First things first… HP completely missed the boat on the smartphone and tablet revolution. Even though the company was an early entrant in pocket PCs and Palm Pilot-like organizers with the iPaq back in the ’90s, it never translated that early development into smartphones.
Instead, it concentrated on dominating in PCs and continuing its runaway lead in its cash-cow printer ink business. The company attempted to M&A its way into mobile device market share by buying the struggling but innovative Palm Inc. for $1.2 billion in 2010.
Leadership managed to confound this particular effort. Short-term CEO Leo Apotheker looked at spinning off HP’s low-margin PC business and canceling any smartphone and tablet aspirations, while branching into enterprise software, an area in which he gained a lot of experience during his tenure leading SAP.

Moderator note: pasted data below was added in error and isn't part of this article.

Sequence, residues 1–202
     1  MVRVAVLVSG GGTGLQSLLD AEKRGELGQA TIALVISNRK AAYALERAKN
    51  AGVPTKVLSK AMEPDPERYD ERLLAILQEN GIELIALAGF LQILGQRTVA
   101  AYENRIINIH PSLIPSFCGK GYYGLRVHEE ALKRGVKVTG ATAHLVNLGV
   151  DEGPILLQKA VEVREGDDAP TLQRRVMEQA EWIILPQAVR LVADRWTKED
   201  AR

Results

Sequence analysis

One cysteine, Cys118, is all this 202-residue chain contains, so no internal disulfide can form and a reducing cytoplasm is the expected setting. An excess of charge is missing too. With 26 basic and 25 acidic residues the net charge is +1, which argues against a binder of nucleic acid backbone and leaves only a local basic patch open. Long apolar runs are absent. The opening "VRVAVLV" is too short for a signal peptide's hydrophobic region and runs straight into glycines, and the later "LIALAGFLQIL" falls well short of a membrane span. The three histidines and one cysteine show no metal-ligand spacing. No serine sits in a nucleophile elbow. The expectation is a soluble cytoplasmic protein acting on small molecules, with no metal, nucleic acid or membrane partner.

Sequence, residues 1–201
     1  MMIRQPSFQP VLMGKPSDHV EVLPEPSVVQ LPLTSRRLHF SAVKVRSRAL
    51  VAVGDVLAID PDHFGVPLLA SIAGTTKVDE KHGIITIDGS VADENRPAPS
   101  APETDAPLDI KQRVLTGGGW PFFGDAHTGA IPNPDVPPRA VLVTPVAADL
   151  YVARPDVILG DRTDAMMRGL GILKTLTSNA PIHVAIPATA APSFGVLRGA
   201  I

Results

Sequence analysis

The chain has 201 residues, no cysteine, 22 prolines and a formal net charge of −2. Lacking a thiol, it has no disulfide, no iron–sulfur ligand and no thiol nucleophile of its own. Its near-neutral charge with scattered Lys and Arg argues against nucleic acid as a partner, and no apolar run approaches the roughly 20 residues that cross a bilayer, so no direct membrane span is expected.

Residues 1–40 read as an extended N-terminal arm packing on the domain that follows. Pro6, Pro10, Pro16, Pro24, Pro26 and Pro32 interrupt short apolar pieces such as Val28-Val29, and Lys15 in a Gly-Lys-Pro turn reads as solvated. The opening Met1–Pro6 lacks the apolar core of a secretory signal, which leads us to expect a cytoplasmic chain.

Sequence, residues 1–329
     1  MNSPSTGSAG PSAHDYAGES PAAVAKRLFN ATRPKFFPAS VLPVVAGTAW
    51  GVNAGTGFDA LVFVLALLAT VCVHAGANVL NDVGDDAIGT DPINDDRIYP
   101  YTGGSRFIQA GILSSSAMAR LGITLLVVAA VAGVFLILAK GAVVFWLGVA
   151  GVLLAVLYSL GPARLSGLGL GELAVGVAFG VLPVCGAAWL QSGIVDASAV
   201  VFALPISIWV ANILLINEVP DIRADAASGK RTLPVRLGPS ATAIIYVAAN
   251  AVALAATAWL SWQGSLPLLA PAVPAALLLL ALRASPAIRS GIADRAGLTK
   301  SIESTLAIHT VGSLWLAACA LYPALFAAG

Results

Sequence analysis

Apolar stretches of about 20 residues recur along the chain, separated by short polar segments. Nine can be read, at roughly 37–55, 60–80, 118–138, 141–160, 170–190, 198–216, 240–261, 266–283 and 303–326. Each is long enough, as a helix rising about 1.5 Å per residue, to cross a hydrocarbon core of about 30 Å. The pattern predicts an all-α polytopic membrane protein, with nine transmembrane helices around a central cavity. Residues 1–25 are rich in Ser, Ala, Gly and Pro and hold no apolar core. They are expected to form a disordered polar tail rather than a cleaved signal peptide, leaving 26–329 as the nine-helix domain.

Unfortunately, it all went awry in a storm of half-execution.
Within sixteen months of acquiring Palm Inc., HP shut down mobile device production, open-sourced its webOS mobile operating system, and spun off the rest of the properties into a new company called Gram. The company’s acquisition of British enterprise software company Autonomy was written down to the tune of almost $9 billion, and nothing was done to change the PC division’s perilously narrow margins.
When Whitman stepped in as CEO, HP was in exactly the same position it was three years before, just with less cash. Printing remained a cash cow, but PC was showing less-than-desirable profits amid a broader market retraction.
At the Computex computer show in Taiwan, HP debuted its new generation of SlateBook PC, which is essentially a mobile tablet in clamshell form. It runs on the Android operating system, has a 14” touchscreen, and includes internal specs closer to a tablet than a notebook. This addresses a small segment of customers who demand a mobile device with a full PC-like experience but also creates a product without the licensing fees of Microsoft Windows.